MORE FROM THIS WEEK’S ISSUE: Blinding Justice and a Case of Uniforms
Under his command, the Pakistan Army carried out fierce anti-terrorism operations in North Waziristan in the Operation Zarb-e-Azb, which not only stabilized the Federally Administered Tribal Areas (FATA,) but built the foundation for the government of Pakistan to merge the deprived province into Khyber Pakhtoonkhwa (KP.) Sharif was responsible for expanding the role of paramilitaries, mainly Pakistan Rangers, in the coastal city of Karachi – a move that saw an exceptional decrease in the crime rate in the city and later pulled out the city’s name out of the ‘Most Dangerous Cities in the World’ list. Unlike his predecessors, Sharif wholeheartedly supported the democratically elected government in the deprived, and the largest province of Pakistan, Balochistan and buried the hatred that former dictator Musharraf first initiated in 2006. At the request of the Chinese government and after the Pakistan government’s approval, Sharif created a new brigade-level military unit to help protect and secure the many projects under the Pakistan-China Economic Corridor (CPEC.) Sharif also helped develop Pakistan’s indigenous defence industry, which resulted in the savings of more than $1.14 billion, over a year and half time period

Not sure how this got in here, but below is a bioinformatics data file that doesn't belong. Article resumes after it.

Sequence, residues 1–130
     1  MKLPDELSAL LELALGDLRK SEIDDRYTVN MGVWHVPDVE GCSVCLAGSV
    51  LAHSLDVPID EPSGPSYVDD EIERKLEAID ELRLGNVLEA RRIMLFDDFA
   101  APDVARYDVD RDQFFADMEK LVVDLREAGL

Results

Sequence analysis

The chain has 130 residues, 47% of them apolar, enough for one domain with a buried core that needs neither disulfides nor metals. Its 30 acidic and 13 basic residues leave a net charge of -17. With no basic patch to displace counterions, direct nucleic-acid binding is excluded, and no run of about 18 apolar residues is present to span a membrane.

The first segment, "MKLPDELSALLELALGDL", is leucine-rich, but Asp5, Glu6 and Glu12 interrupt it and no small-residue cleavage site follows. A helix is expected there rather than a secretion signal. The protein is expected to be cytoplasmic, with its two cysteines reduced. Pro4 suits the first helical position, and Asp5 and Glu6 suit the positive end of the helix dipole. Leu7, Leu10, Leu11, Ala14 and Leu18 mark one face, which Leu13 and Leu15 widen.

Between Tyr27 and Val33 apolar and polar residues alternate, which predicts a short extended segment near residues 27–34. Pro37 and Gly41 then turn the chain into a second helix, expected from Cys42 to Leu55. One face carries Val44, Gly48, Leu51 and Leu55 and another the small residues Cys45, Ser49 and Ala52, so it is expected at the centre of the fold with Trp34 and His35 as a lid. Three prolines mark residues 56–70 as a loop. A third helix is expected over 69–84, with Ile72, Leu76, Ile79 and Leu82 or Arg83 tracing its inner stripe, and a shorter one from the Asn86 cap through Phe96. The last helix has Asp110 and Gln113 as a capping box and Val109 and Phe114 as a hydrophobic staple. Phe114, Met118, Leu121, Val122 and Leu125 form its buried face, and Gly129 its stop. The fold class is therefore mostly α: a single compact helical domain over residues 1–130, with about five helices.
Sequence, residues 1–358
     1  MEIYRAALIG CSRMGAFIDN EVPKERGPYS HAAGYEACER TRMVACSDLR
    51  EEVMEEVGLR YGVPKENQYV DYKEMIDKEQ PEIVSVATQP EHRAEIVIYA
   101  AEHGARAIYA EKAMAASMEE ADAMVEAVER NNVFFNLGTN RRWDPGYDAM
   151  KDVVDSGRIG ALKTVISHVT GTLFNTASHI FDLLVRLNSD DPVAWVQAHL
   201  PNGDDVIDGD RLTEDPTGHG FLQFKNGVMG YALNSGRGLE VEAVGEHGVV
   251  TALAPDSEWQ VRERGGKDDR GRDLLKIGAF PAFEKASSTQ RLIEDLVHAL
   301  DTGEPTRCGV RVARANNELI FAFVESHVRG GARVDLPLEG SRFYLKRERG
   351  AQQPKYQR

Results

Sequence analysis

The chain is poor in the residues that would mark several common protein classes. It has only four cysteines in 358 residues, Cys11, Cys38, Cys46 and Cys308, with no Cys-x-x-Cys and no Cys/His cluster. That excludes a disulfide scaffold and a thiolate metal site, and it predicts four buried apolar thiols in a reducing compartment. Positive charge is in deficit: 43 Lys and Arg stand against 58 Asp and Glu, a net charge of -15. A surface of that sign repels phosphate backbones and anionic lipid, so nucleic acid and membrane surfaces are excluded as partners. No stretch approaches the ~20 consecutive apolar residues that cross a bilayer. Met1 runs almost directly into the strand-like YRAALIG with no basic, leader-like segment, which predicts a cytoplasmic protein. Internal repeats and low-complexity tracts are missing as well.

In other feats, under Raheel Sharif, the Pakistan Army operated strictly under its constituted jurisdiction and left foreign, social, and economic policies to the democratically elected civilian government of Prime Minister Nawaz Sharif. Under his tenure, Pakistan Army carried out first ever joint military exercises with Russia and supported the government deepen relations with China.
MORE FROM THIS ISSUE: Once a city of gardens, Lahore is now a concrete jungle